By Seth O'Brien
When it comes to the Internet of Things (IoT), especially in the sometimes conservative water industry, there may be considerable hand-wringing over incorporating IoT into your pump process. Some of the most oft-asked questions — from implementation trends through start-up and ownership — are assembled and answered here.
Advancements in digital technologies are changing our world. The rapid growth of connected, intelligent devices and the decreasing cost of computing and connectivity are driving this transformation. What we’re able to achieve today far surpasses what we’ve done and represents just a fraction of what we’ll be able to accomplish tomorrow. But what does this world of amped up connectivity mean for the pumping industry? How can digitization be leveraged for business improvements?
At the heart of the IoT are the things that generate, collect, and process data. Intelligent power solutions used in the pumping industry collect data, learn, and provide actionable insights to optimize power use and continuity. By collecting and transforming data into clear insights, you’ll have the information needed to make better decisions faster.
The following insights, formed in response to common IoT queries, might help you get started down the path to more connected systems.
What’s driving the adoption of IoT technologies in water and pumping applications?
IoT devices can collect, analyze, and exchange data. The ability to drive energy efficiency, remotely monitor and control pumping applications, and predict issues before they cause downtime or impact operations are driving the adoption of IoT technologies in pumping systems. Through intelligent power solutions, organizations can have X-ray vision into their systems to make decisions based on real-time and historical data. Sensors, data science, and connectivity are building intelligent power. Armed with more granular data, powerful analytics, and the ability to aggregate and disseminate data, organizations can impact productivity, reduce energy costs, and improve power reliability or continuity.
Employing IoT technologies is more than an exercise in collecting data. Unprocessed data has limited value. We need to embrace data science to create actionable information and knowledge. It’s the transformation of data into actionable decision points that helps reduce costs, drive efficiency, and improve uptime. For example, through analytics we can take advantage of predictive maintenance, which can save costs and advance safety. Further, data science can provide critical equipment performance metrics to enable informed decisions impacting budgets and long-term modernization plans.
What’s standing in the way of adopting IoT technologies?
IoT is intimidating for a lot of businesses due to its perceived complexity. It’s important to give the industry credit that pumping systems have been collecting, measuring, and analyzing data for years — through SCADA systems and other local communication networks. Introducing the Industrial Internet of Things (IIoT) simply modernizes the way we’ve been doing things and provides additional value and insight into the system.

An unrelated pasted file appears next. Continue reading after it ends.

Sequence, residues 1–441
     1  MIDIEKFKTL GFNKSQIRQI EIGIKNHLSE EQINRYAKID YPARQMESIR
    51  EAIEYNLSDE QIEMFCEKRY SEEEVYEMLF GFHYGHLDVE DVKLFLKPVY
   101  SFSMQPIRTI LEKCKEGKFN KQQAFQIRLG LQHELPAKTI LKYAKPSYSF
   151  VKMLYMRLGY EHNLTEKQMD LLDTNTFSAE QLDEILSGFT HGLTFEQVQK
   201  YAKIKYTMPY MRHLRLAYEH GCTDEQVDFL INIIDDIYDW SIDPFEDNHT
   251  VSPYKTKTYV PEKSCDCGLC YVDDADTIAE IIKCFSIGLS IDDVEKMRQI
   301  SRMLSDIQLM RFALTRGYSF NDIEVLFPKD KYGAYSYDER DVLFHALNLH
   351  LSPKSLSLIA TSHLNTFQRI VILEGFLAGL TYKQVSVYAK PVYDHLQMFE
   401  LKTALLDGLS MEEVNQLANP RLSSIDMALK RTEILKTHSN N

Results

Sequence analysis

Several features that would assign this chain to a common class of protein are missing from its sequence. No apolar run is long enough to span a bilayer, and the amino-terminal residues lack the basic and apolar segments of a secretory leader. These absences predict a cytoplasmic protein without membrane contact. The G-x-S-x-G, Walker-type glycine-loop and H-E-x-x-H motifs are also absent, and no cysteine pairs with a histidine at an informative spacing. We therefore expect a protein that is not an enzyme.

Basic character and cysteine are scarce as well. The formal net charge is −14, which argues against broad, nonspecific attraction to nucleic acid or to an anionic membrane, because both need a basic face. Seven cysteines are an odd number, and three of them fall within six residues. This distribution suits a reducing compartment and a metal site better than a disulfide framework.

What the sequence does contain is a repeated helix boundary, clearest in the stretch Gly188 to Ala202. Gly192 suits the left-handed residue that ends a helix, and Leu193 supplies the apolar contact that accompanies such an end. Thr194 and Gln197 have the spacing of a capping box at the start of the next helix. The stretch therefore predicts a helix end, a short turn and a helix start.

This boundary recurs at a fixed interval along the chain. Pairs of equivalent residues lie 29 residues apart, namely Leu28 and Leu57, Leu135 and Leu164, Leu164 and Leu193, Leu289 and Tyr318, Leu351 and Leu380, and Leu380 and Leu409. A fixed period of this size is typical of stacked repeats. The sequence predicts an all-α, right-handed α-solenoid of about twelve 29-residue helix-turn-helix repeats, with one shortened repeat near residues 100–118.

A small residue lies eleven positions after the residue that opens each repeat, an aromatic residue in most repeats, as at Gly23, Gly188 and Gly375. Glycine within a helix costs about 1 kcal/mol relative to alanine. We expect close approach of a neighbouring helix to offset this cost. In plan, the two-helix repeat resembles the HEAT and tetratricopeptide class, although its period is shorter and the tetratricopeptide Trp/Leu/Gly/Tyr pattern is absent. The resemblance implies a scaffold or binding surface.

Data management and security challenges are two of the largest hurdles for adoption. Security is the foundation for IoT, yet, there is no real consensus on how to implement security in IoT and no magic wand that can effectively mitigate the threats.
In this world of amped-up connectivity comes an increased risk of cyberattacks on critical infrastructure. It takes only a single security breach to impact safety, lifecycle costs, and reputations.
Cybersecurity threats must be met proactively with a systemwide defensive approach specific to organizational needs. When selecting suppliers, it’s critical to ensure they have a robust process for designing secure products.
From inception through deployment and maintenance, the modern manufacturer needs to instill cybersecurity best practices via training, threat modeling, requirements analysis, implementation, verification, and ongoing support. Likewise, customers need to make periodic vulnerability and security assessments of deployed solutions on their sites.
How can manufacturers enable better pump systems?
What if real-time data existed to model and optimize failure modes and rates of components? With intelligent devices like sensors, controls, and variable frequency drives (VFDs) connected to a network, the data could be analyzed and used to understand how pumps are being used and when or why they operate outside expected conditions. Pump manufacturers can use this data to understand trends, make more reliable pumps, and predict market needs before they happen. With monitoring in place, pump systems can proactively alert users to decreases in efficiencies while enabling troubleshooting and diagnosis for potential problems before they become detrimental to the system.
How can pump distributors increase aftermarket sales?